FDA approves ‘mix and match’ COVID-19 vaccine booster

key takeaways

  • The FDA has authorized Moderna, Pfizer, and Johnson & Johnson COVID-19 booster doses.
  • People don’t have to get a booster dose of the same brand of vaccine they originally got, the FDA said.

Booster doses were approved by the U.S. Food and Drug Administration (FDA) in October 2021 for eligible individuals who received Moderna or Johnson & Johnson’s COVID-19 vaccine. (The booster for Pfizer vaccine recipients was previously authorized.)

Importantly, however, the booster dose does not have to be the same brand of the original vaccine a person received.In a statement released late Wednesday, the agency said, “Today, the FDA also authorized the use of a heterologous (or ‘mix and match’) booster dose.[s] For currently available (i.e. FDA-authorized or approved) COVID-19 vaccines. ”

The authorization to mix and match boosters is based on clinical trial data from the FDA, Peter Marks, MD, director of the FDA’s Center for Biologics Evaluation and Research, said on a Wednesday night call with reporters after the booster was authorized. The National Institute of Allergy and Infectious Diseases, last week’s discussion of the data by the FDA’s Advisory Committee on Vaccines and Related Biologics, and the agency’s own assessment of the available data.

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Mix and match case

Research on mixing and matching boosters, which has not yet been peer-reviewed, found that any booster dose produced a strong immune response. The booster doses of Pfizer or Moderna produced stronger antibody responses than the booster doses of J&J in people who were originally vaccinated by J&J. For this reason, the Centers for Disease Control and Prevention (CDC) prefers Pfizer’s or Moderna’s vaccine boosters over Johnson & Johnson’s.

Based on these studies and committee and agency discussions, the FDA said in its statement, “A single booster dose of any available COVID-19 vaccine can be administered as a heterologous vaccine. [mix and match] Booster doses after primary vaccination with different available COVID-19 vaccines. ”

For those who initially received Johnson & Johnson

According to the FDA, Johnson & Johnson COVID-19 vaccine recipients 18 years of age and older (the starting age for the current booster dose) can receive a booster dose of the Johnson & Johnson Moderna vaccine (half the dose has been administered at least two days after receiving the primary vaccine from Johnson & Johnson). months, authorized as a booster dose) or the Pfizer vaccine (full dose).

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For those who initially received Pfizer or Moderna

Moderna and Pfizer vaccine recipients who qualify for a booster can receive a booster dose of Moderna, Pfizer or J&J vaccine at least five months after completing their initial vaccination, the agency said.

Acknowledging that both patients and physicians will have questions about authorized boosters, the FDA updated each vaccine’s fact sheet to include booster dosage information.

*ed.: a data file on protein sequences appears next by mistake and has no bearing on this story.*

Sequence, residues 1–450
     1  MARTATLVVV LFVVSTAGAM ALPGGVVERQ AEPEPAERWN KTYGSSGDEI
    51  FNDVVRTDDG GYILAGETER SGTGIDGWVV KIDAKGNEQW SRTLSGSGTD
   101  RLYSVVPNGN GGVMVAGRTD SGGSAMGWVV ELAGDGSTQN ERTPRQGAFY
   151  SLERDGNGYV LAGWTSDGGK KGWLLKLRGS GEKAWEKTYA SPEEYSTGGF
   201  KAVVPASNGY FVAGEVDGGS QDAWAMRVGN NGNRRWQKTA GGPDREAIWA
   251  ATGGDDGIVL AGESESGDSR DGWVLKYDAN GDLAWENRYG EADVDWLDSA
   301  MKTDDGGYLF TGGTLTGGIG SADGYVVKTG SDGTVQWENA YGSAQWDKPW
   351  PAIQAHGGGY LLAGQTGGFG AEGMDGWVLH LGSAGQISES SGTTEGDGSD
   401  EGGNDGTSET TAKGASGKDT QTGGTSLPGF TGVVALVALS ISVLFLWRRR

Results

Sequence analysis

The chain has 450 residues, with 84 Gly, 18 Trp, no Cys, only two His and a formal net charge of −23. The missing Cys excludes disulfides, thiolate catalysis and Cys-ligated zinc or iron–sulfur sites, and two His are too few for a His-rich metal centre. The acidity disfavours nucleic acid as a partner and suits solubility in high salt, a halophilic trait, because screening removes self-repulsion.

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CDC signed as follows

The FDA’s decision on booster doses, while important, is actually a temporary step. The next day, an advisory committee from the Centers for Disease Control and Prevention (CDC) also met to discuss the booster dose, eventually agreeing with the FDA’s recommendation.

The CDC Director reviews the ACIP committee’s recommendations, but can revise them. For example, the ACIP committee does not recommend giving Pfizer boosters to people whose jobs put them at higher risk of contracting COVID. But CDC Director Rochelle Walensky, MD, MPH, allows it.

In a call with reporters after the FDA authorized the booster Wednesday, Acting FDA Commissioner Janet Woodcock MD said the agency “expects many people to get the same series they received, but recommends speaking with the provider if an individual has concerns.”

It’s important to check with providers, Woodcock said, “because some people don’t know what vaccines they’ve had or have had a reaction to. [to the vaccine they got], so they want another brand. ”

The FDA’s Peter Marks said on a conference call with reporters that he ultimately believes that if the COVID vaccine continues to be needed, people may get a booster without knowing what brand it is, “like they often do with the flu shot.” like that.”

Aaron Glatt, chief of infectious diseases at Mount Sinai South Nassau, New York, and spokesman for the Infectious Diseases Society of America, told VigorTip that he believes that “once all the [the COVID vaccines] Works just as well, it might get to that point. But Glatter said, “It’s hard to make any predictions about that right now. Much will depend on whether more resistant COVID-19 strains develop, or whether side effects are more likely to be noticed in one vaccine than the other. ”

The information in this article is current as of the date listed, which means that you may have updated information as you read this article. For the latest updates on COVID-19, visit our Coronavirus news page.